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Composers on the Decks

dc.contributor.advisor Jaffe, Stephen
dc.contributor.author Kotch, Alex H.
dc.date.accessioned 2013-12-16T20:14:29Z
dc.date.available 2014-12-11T05:30:07Z
dc.date.issued 2013
dc.identifier.uri http://hdl.handle.net/10161/8252
dc.description.abstract <p><italic>Composers on the Decks</italic> is comprised of three related chapters: an original composition for amplified chamber ensemble and laptop DJ, <italic>Alleys Of Your Mind</italic>; an extended article entitled "Composers on the Decks: Hybridity of Place and Practice among Composer-DJs Gabriel Prokofiev, Mason Bates, Ari Benjamin Meyers and Brandt Brauer Frick"; and an archive of edited interviews of the four primary research subjects. Chapter 1 is the author's artistic contribution. Chapters 2 and 3 explore the emerging practices of "club classical" and what I am calling "instrumental-electronic dance music" in what may be the first academic study to examine the latter and its connections with the former.</p><p><italic>Alleys of Your Mind</italic> is a work for seven wind instruments, soprano and laptop DJ composed as social dance music, intended to be performed in a nightclub. Its repetitive style, electronic dance beats and long-form instrumental writing create a musical hybrid of classical compositional techniques and electronic dance music (EDM). The work contains three movements: the first and longest movement is paced at a dance tempo of 124 beats-per-minute; the second movement at half of that speed, 62 beats-per-minute; and Movement 3 returns to the original tempo. The movements are performed without pause and leave generous space for the DJ to improvise with audio effects and an extended interlude in Movement 2. In addition, <italic>Alleys Of Your Mind</italic> has a documentary dimension: audio samples of medical machinery and voices, recorded by the composer during his recovery in a neuroscience intensive care unit, feature in the second and third movements. </p><p>Chapter 2 introduces the related practices of "club classical" and "instrumental-EDM," explaining the musical connections between contemporary classical and EDM and interpreting the hybrid social environments where this music lives. The first section deals with the club classical phenomenon in the practices of composer-DJs Gabriel Prokofiev and Mason Bates, and presenters such as Yellow Lounge. Prokofiev leads Nonclassical Records and hosts monthly club nights in London, during which live sets of recent classical works alternate with sets from Nonclassical's resident DJs. The label's releases adapt classical music to an EDM format, featuring new classical compositions and electronic remixes of these works. Bates presents Mercury Soul, a party in nightclubs that links DJ sets of EDM with live classical sets via composed, electro-acoustic interludes; these nights involve a director, conductor, and a chamber ensemble from a major symphony. Yellow Lounge situates older classical music in nightclubs and employs DJs who spin classical works between live sets. Ari Benjamin Meyers composes instrumental-EDM, music that features classically influenced composition with a dance focus, and has performed it with his Redux Orchestra in Berlin's late night dance clubs from 2005-2012. Brandt Brauer Frick, an EDM trio, formed an 11-piece ensemble of mostly classical instruments that plays their orchestrated techno-like tracks in clubs and concert halls. </p><p>Using social and performance analysis, the chapter describes these phenomena as musical and social hybridity. Club classical and instrumental-EDM evince a desire on the part of event planners and classically trained composers to connect on a more physical and social level with their audience. Many of the composers and presenters express a wish that through these practices, classical music can expand beyond the concert hall and potentially see a demographic change in its audience over time. The chapter also delves into the narrow demographics of the classical-EDM scene, the difficulties of instrumental-EDM, and situates the author's dissertation composition, <italic>Alleys Of Your Mind</italic>, and its presentation at the Duke Coffeehouse, within the greater practice of instrumental-EDM. </p><p>Chapter 3 presents edited versions of the author's interviews with the study's four primary research subjects. This documentation, and the dissertation as a whole, is paired with a website, <underline>composersonthedecks.org</underline>, which provides additional information, photographs, links, and audio and video of <italic>Alleys Of Your Mind</italic>.</p>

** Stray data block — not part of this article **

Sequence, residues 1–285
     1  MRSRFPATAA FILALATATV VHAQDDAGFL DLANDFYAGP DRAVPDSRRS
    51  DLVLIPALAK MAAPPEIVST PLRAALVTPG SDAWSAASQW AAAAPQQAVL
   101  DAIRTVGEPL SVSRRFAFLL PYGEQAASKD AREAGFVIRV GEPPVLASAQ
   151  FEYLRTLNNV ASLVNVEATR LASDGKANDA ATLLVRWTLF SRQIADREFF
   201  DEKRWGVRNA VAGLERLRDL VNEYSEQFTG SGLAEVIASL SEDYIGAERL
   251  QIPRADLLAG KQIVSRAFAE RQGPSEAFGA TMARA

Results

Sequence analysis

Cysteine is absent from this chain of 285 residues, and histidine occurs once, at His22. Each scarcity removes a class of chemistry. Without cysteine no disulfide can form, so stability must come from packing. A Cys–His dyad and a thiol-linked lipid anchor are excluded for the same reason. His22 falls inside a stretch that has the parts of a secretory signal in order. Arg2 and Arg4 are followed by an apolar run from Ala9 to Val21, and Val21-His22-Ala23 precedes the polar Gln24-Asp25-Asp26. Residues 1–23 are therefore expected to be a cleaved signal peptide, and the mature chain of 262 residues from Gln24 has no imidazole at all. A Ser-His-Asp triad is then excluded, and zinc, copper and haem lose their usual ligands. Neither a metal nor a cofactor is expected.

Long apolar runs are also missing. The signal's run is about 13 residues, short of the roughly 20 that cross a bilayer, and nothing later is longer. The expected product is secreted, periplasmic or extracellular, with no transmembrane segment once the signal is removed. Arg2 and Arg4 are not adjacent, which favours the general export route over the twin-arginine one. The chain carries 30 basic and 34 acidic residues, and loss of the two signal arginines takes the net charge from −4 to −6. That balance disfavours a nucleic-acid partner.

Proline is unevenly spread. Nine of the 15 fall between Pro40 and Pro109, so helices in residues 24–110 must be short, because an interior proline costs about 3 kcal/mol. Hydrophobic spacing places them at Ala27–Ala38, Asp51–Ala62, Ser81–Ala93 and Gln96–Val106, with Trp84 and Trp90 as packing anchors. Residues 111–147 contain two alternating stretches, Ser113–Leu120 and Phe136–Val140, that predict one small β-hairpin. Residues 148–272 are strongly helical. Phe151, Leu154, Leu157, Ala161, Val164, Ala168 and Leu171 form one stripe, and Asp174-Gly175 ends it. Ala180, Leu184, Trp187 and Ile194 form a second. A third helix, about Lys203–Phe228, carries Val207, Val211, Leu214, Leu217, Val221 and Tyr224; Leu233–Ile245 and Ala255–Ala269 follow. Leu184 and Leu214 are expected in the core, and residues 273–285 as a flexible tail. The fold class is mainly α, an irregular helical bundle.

dc.subject Music
dc.subject Social research
dc.subject classical
dc.subject club
dc.subject electronic dance music
dc.subject hybridity
dc.subject instrumental
dc.subject remix
dc.title Composers on the Decks
dc.type Dissertation
dc.department Music
duke.embargo.months 12


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